PositiveThe Washington PostGray uses a ‘making of’ approach to examine how this mash-up of a movie made magic … Ben’s self-discovery is what attracted Gray to write Seduced by Mrs. Robinson in the first place. Growing up in the ’60s, she embraced ‘The Graduate’ because it made her understand ‘how badly we wanted to distance ourselves from the world of our parents.’ Fifty years later, she has adopted the movie as a generational template, and for most of the book she writes smartly and insightfully about how the characters were shaped by a disruptive age … The book as a whole offers a fascinating look at how this movie tells a timeless story: that life is always about making choices.
MixedThe Washington PostAlthough Sims has carefully tracked Holmes’s origins, he glosses over Conan Doyle’s own evolving character. Notably, he fails to explore how the science-oriented Conan Doyle embraced spiritualism the same year that A Study in Scarlet was published ... When The Adventures of Sherlock Holmes was published in 1892, Conan Doyle dedicated the collection to 'my old Teacher Joseph Bell, M.D.' Sims abruptly ends his enlightening but limited study at this point — far before Conan Doyle was through with Sherlock. Readers can hope for a second volume.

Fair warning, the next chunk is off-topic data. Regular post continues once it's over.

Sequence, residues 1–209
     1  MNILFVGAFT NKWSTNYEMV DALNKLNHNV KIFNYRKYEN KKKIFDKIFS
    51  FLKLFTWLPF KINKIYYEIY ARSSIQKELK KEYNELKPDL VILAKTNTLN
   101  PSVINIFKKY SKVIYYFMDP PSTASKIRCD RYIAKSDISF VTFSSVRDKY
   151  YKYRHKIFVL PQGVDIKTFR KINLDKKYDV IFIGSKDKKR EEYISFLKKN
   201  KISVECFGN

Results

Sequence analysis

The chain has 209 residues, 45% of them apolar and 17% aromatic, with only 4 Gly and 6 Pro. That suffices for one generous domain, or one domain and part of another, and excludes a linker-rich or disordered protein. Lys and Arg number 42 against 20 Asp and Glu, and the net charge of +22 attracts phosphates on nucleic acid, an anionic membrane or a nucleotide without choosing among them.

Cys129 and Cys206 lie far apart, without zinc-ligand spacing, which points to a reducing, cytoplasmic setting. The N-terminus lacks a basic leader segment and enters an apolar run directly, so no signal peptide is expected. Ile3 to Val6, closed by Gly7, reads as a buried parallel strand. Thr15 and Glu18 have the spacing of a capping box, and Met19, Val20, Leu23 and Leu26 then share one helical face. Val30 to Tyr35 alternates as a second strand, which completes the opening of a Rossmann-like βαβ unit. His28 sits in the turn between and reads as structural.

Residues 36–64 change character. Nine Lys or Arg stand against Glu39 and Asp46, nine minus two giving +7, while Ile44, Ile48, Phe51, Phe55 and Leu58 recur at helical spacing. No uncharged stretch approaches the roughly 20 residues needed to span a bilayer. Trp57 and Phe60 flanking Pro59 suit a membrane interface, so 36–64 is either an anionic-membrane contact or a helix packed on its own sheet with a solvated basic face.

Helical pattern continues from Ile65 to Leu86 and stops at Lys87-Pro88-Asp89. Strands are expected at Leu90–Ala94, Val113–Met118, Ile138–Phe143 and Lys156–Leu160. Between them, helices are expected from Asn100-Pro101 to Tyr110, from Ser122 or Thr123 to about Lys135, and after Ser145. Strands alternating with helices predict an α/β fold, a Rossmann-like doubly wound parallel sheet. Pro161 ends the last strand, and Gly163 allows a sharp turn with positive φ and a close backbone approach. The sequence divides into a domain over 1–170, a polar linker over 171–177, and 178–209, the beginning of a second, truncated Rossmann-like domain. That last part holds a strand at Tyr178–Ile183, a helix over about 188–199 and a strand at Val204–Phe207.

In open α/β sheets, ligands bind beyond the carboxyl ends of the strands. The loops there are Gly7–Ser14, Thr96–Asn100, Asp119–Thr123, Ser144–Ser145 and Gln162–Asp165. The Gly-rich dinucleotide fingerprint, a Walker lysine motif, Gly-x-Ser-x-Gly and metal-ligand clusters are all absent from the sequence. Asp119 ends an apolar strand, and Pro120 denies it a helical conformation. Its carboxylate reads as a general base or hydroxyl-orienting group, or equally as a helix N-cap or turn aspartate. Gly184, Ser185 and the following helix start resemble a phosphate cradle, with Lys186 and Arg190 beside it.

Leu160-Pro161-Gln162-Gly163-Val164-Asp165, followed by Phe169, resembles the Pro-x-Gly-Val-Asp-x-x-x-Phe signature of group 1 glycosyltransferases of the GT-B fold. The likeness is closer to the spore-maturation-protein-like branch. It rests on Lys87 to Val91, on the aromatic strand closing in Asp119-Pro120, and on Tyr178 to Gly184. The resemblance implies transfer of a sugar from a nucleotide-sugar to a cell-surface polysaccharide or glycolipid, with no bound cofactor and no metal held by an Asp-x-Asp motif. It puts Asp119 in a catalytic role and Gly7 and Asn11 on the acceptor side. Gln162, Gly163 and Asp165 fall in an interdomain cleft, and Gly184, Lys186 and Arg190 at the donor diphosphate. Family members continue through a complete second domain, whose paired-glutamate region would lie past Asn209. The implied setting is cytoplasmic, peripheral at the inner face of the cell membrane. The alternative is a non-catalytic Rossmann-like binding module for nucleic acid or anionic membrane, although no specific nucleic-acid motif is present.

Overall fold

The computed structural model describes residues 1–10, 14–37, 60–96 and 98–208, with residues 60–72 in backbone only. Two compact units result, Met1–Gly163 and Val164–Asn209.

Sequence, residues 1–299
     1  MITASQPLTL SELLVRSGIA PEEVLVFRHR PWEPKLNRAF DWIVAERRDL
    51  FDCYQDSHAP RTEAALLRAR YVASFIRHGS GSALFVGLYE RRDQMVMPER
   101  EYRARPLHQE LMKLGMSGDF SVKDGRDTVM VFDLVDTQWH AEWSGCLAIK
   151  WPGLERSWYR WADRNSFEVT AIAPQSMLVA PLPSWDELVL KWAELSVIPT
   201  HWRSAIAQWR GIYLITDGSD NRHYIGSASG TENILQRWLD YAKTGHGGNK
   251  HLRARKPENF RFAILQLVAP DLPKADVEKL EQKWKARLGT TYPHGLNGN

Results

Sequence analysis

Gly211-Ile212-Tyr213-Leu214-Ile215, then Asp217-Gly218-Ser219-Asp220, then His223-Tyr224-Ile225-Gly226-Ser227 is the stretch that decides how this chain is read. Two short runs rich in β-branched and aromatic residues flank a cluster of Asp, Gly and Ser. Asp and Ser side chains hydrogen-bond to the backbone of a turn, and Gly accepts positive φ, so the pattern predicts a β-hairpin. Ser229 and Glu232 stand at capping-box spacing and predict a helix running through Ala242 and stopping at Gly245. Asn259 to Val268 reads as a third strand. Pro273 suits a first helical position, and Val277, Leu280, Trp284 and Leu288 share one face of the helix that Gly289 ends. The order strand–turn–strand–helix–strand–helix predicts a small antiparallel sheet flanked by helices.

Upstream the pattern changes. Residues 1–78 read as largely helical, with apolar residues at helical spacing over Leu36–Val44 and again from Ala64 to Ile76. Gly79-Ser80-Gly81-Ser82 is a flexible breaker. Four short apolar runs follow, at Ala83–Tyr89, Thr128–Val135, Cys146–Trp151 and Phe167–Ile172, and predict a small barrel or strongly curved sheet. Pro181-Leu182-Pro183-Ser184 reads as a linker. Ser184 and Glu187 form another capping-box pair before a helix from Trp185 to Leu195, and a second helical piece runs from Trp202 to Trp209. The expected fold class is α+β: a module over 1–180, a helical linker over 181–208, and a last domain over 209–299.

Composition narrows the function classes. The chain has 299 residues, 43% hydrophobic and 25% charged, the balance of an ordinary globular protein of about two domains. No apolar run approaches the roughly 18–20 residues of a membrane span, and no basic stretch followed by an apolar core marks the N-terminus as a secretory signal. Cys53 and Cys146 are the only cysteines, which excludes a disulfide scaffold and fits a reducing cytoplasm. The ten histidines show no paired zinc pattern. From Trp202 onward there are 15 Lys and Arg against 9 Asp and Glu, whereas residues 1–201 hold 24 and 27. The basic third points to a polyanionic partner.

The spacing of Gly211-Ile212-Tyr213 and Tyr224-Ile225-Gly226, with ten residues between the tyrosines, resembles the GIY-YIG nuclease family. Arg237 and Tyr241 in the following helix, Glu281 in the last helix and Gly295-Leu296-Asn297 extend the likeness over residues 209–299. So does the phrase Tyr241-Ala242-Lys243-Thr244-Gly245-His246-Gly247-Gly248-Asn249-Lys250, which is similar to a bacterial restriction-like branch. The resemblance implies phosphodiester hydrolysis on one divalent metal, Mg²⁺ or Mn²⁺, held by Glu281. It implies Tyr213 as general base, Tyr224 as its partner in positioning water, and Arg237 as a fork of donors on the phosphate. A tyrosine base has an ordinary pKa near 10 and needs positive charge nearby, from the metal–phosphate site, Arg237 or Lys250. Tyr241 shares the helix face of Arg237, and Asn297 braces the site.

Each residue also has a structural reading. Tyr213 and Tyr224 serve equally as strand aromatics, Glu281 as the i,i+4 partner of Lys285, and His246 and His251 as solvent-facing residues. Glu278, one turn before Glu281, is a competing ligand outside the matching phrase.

PositiveThe Washington PostBianculli has researched with gusto, watching thousands of hours of TV, digging through manuscript archives and talking with legendary TV figures. A high point of this history is the author’s interviews with Carl Reiner, Mel Brooks, Norman Lear, Bob Newhart, Matt Groening, Larry David, Amy Schumer and many others ... Bianculli has written a highly readable history, but he could have delved more deeply into how technology has transformed television from a solitary pastime into an interactive and communal experience.